Thursday 23 March 2023 4:39pm
Otago students taking part in a previous Otago Student Relay for Life event.
Hailey Kapadia has been attending Relay for life since 2014, when she was a high school akonga in Wellington.
By 2018 she was able to get 60% of her high school to work with her to raise money for the Cancer Society via a Relay for Life event, in her role as charity prefect.
“I suppose it was a bit of an achievement,” she acknowledges humbly.
She is hoping there will be an equally huge response to the Student Relay for Life around the University’s Clocktower, being held this weekend.
The cause is personal for the Marketing and Psychology student at Otago, who lost an aunt to cancer in 2015.
Since that tragic loss she and her whānau have been heavily involved with the Cancer Society.
“My mum and I have done Relay for Life together, and lots of fundraising, it’s been really lovely actually,” she says.
"When I came to Otago, I didn’t think there was any reason for me to stop working towards the cause, so I decided to get involved with CancerCore.”
She is now president of CancerCore, a student initiative aiming to act as a bridge between Otago tauira and the Cancer Society.
Hailey’s work CancerCore embodies the Cancer Society’s slogan ‘Whakanui, Maumahamatia, Tu-Atu!’, ‘Celebrate, Remember, Fight-Back!’.
CancerCore provides a crucial opportunity for students who have had cancer, who have lost someone to cancer, or who are simply interested in volunteering for an excellent cause.
“It can be intimidating to approach a big organisation on your own as a student, especially if you’re new to the city."
“CancerCore can show you the ropes and help you to make the connections you need.”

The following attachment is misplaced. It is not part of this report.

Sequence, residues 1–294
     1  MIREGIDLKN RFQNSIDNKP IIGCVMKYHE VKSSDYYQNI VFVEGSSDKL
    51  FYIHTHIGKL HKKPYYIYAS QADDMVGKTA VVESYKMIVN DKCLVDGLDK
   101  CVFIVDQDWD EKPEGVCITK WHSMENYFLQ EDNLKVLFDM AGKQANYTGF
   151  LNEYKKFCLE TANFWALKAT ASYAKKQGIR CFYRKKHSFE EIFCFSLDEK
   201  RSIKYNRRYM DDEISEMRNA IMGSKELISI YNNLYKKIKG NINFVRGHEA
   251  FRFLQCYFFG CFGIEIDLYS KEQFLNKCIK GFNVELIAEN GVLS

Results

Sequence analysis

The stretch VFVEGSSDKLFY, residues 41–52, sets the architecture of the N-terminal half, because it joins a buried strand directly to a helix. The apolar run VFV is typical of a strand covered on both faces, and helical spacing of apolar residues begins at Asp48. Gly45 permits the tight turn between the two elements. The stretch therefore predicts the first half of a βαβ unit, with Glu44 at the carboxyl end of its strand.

This weekend Hailey and her team are putting on the Student Relay for Life, an event that has happened at Otago biennially since 2016.
The event involves teams of students walking, running or dancing their way around the Clocktower on the Dunedin campus for 12 hours from 6pm Saturday to 6am Sunday.
So far, the group has raised an incredible $63,000 of their $100,000 target.
If people want to get involved, there are a few different ways, says Hailey.
People can donate to the cause, or come along to the opening ceremony at 6pm or the candlelight ceremony at 12am, both outside the Clocktower.
Anyone is welcome to come to the ceremonies, with no obligation to take part in the relay, says Hailey, it’s all about acknowledging and celebrating “Cancer Warriors and Carers”, who will also be doing a lap of honour.
Throughout the night there will be lots of different events to raise money and morale, including: an on-stage head shave event called Chop The Mop, Blind Dating, and lots of kai like soup in the evening, and porridge in the morning.
There are prizes to be won, and competitions won’t only focus on who does the most laps (measured on Strava), or even which team or individual raises the most money, there will also be prizes for best dressed team, and the individual with the ‘best spirit of relay’.
Prizes are provided by the event sponsors, who range from family-owned skate shop Pavement to Pic’s peanut butter and My Mate John’s who are supplying a lounge suite and food platter for winners to have an hour’s rest!
For more information go to the Student Relay for Life website, mark yourself as attending on the Facebook page, and don’t forget to rug up - it might be a chilly one!
Volunteers at a previous Student Relay for Life event at Otago.
Kōrero by Internal Communications Advisor Alice Billington